Susan Krizmanich

Physical Educators Playing with Technology: Creating and Evaluating Motor Development Screencasts

According to the Beginning Physical Education Teacher Standards (NASPE, 2008), physical educators must utilize assessment and reflection to foster learning and inform instructional decisions. The goal of this study is to integrate a series of screencast activities as an innovative method to teach observation and assessment techniques. Assessment tools are typically taught in the abstract. By incorporating screencasts as a method of learning criteria for motor skills, students become more proficient in assessing skilled movement.

Effective teachers must be skilled in using a variety of assessment techniques. Research has demonstrated that there is a significant gap between assessment theory taught to pre-service physical educators and practice in the physical education setting. One of the most critical skills necessary in successful assessment is the ability to observe. Observational skills in physical education demand movement analysis and subsequent translation of this visual analysis into a series of criteria. The Test of Gross Motor Development II (TGMD II) provides criteria for motor skills taught to children in elementary school (age 3-10). In addition to the written criteria, a series of pictures are provided to assist the person performing the assessment. This study seeks to determine the effectiveness of pre-service physical educators utilizing screencasts of motor skills found in the TGMD II compared to pre-service physical educators who studied the images found in the TGMD II manual. The primary issue is whether pre-service physical educators who watch screencasts become skilled in observational techniques and thus are able to utilize these skills in the “real world” when observing children performing the TGMD II.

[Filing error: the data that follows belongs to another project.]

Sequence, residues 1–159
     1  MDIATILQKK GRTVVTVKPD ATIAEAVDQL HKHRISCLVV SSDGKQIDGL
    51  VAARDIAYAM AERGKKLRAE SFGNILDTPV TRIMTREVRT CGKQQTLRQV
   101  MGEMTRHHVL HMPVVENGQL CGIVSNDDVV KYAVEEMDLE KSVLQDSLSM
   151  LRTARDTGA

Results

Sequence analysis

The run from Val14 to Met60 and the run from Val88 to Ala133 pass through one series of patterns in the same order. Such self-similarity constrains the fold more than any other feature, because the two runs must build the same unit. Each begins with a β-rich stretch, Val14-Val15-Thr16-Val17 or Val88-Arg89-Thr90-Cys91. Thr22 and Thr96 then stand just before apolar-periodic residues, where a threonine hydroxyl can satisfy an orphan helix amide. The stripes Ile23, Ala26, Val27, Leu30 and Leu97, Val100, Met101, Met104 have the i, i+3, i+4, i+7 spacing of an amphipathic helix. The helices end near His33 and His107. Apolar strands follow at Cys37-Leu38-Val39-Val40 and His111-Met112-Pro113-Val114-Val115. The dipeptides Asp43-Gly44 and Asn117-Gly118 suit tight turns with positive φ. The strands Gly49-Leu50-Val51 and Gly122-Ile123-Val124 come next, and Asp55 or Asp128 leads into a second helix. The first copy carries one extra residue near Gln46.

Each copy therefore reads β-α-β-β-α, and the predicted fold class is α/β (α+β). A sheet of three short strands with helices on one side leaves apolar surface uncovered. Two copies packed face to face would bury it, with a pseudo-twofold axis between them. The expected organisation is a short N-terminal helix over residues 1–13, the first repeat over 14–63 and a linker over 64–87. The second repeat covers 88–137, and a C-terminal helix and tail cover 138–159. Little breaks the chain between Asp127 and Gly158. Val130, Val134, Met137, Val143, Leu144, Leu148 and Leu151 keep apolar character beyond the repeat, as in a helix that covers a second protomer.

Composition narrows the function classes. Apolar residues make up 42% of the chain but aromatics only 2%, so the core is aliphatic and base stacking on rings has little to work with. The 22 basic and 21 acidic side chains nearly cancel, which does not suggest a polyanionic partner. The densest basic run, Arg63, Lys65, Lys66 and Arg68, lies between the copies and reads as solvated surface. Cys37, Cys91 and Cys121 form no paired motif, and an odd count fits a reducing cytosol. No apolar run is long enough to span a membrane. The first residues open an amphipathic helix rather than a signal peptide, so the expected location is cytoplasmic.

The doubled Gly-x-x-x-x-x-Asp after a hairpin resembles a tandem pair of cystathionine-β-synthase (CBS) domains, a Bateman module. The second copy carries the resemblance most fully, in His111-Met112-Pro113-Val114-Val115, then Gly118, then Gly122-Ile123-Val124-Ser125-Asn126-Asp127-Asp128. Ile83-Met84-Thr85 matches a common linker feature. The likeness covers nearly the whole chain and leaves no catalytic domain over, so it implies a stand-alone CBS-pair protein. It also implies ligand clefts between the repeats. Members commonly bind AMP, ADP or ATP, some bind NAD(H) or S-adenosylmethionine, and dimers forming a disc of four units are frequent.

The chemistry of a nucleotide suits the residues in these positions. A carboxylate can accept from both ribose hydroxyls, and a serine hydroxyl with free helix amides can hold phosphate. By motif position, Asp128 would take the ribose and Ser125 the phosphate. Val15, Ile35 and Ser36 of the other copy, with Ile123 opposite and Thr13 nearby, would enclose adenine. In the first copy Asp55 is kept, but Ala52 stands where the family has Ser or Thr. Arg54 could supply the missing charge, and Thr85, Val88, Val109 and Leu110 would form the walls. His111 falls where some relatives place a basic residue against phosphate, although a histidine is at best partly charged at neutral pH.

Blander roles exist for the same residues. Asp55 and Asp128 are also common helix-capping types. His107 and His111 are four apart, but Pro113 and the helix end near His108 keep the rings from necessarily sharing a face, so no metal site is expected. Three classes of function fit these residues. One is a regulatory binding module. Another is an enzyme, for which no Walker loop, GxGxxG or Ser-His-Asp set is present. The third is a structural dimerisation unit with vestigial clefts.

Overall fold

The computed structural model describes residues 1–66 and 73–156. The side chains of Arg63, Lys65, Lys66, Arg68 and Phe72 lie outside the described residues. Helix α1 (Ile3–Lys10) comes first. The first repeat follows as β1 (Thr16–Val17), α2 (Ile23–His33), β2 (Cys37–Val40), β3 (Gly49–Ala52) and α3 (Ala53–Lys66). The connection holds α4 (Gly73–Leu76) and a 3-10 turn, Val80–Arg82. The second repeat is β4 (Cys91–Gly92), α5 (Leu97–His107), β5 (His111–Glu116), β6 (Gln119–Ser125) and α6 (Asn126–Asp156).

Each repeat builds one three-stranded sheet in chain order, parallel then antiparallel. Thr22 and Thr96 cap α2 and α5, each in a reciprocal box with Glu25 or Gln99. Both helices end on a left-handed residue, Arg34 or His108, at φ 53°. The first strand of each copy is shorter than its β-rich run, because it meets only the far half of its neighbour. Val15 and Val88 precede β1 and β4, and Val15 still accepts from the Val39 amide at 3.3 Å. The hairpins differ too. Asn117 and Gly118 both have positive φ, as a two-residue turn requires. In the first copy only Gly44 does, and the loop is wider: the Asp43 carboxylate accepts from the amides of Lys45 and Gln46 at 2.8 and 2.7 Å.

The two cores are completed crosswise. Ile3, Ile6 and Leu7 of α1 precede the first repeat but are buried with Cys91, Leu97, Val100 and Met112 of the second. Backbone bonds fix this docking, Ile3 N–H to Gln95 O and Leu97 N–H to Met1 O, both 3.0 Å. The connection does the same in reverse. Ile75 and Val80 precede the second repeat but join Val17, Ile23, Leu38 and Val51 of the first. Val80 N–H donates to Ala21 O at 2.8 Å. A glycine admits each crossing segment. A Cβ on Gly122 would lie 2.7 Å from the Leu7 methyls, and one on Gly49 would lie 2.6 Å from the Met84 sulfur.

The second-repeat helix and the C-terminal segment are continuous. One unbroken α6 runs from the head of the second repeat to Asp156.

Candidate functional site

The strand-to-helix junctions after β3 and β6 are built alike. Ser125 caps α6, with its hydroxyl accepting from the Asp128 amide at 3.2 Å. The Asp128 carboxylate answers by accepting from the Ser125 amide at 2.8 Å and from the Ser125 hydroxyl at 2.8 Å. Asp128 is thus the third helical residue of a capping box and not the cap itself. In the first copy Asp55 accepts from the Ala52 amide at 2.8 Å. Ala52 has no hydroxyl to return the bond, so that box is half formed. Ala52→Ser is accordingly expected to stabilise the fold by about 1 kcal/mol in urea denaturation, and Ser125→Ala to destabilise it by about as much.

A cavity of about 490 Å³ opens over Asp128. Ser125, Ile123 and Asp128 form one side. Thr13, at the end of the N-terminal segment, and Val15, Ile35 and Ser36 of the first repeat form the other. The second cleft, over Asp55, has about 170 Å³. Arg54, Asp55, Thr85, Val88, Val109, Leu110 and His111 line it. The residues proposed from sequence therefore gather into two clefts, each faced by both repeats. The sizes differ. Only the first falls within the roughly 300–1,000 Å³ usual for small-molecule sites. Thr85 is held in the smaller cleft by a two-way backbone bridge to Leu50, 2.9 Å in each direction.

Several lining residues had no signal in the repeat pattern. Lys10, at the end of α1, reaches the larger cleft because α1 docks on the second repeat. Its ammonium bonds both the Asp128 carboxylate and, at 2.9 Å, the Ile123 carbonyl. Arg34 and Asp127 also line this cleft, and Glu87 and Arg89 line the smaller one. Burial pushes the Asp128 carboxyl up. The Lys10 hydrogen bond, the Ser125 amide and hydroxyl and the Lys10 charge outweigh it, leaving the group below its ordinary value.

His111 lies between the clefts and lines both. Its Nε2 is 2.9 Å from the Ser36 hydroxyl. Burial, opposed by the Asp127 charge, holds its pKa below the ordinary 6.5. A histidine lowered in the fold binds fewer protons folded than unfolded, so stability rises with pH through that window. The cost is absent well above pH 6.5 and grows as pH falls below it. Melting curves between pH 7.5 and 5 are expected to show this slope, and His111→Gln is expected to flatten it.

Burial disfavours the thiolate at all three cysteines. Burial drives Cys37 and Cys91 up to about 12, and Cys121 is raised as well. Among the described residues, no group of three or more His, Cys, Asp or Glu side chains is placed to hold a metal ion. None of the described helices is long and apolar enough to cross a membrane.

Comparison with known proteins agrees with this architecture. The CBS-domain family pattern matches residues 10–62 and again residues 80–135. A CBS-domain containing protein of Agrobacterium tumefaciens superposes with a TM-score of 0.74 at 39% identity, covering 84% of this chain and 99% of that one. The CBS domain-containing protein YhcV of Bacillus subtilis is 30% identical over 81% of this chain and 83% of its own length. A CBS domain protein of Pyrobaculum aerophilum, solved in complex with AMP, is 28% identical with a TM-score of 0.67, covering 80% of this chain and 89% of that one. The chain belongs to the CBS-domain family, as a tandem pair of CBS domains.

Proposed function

Faculty Mentor: Colleen Lewis, Movement Science

Page last modified July 26, 2010